by Erin Tomlinson
The last week of high school can be stressful! So many tests to take, piles and piles of flashcards to be re-memorized, notes to study, an underlying plague of senioritis to suppress, and a bedroom as dusty and confused as my few remaining brain cells! With all of these things clouding my mind, one question appears like a flash of lightning. How have I prepared for my next great task, college? What am I doing now, in the midst of all this chaos that will be relevant to me a year from now?
I have applied for many scholarships over my senior year. I am enrolled in an amazing Dave Ramsey Financial Peace University class, where I have been learning about finances and budgets and stocks, oh my! I have also been involved in the Texas Bank and Trust Student Board of Directors. The student board taught me about cyber security, job applications, money management, and even some leadership skills.
One of the most important things I learned from the student board was a little something I like to call “community.” Community is a new concept to the people of my generation. Man, the idea of being a part of something bigger than ourselves can catch all of us off guard sometimes! Just as a body has many parts, a church has many members, and a team has many players, a community is made up of many people. And, for a community to have any sense of unity, each person needs to get involved. This is what I learned from Texas Bank and Trust.
There is nothing small about small town banking. At banks like Texas Bank and Trust, a customer will meet actual people who want to help them, not be on hold with some banker thousands of miles away. Community banks, like Texas Bank and Trust, are able to give back to the community and participate in local events on a regular basis. They contribute to their community, and so do the people who bank with them. By banking with a local bank, you are participating in the community as opposed to banking with some impersonal, national bank from your cell phone. I say all of this to say that as I am making my next steps in life, I want to make decisions that will benefit myself and the others around me.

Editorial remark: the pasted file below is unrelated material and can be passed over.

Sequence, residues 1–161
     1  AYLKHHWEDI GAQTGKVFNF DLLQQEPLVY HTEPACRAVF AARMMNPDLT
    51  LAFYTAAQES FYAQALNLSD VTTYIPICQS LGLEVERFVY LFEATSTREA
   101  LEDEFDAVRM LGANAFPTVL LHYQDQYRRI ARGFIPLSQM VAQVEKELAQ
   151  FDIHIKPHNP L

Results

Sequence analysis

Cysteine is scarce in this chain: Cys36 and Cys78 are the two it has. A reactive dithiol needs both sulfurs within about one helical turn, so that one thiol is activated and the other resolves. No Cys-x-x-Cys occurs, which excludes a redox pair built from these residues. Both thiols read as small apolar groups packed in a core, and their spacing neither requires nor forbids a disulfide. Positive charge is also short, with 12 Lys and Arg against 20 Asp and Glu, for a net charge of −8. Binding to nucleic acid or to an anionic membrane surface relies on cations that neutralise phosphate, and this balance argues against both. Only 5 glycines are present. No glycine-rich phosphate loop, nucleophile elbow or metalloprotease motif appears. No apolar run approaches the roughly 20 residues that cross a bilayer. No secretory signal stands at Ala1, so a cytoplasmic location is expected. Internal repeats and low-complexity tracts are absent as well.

Although things are incredibly crazy right now, I know the craziness will die down soon. This is a lesson I wish I had learned sooner in life. Dear little freshman Erin, it’s not the end of the world. Man, if only I could tell myself then what I know now. I would tell myself to set some goals. Erin, apply for as many scholarships as physically possible. Don’t procrastinate. Sometimes, that gut feeling is right. Be consistent. Dream big. Dream big?... Most of all, Erin, don’t forget how to dream…
As I am sitting here typing this, I realize that sometimes all the business and stress of high school, and life, can distract us from our dreams. Sometimes, our few remaining dusty brain cells get too tired to imagine the possibilities. But how do we dust them off and blow away the clouds in our minds? I like to believe that those little flashes of lightning can help us on our way. It is those hard, life questions that shed some light on our paths as we search our hearts for the answers. My preparation for college should include deeper questions than the ones I can find on a flashcard.
**The views and opinions expressed in this article are solely those of the author.
2017 Student Board of Directors, Lindale High School
Erin Tomlinson is a 2017 graduate of Lindale High School. Outside of school, Erin is a dedicated member of Broad Street Church of Christ, where she is often found participating in youth activities. She believes she has impacted her world by spreading joy wherever she goes. Erin plans to attend Harding University and study biology. Her future goals include pursuing a career in marine biology.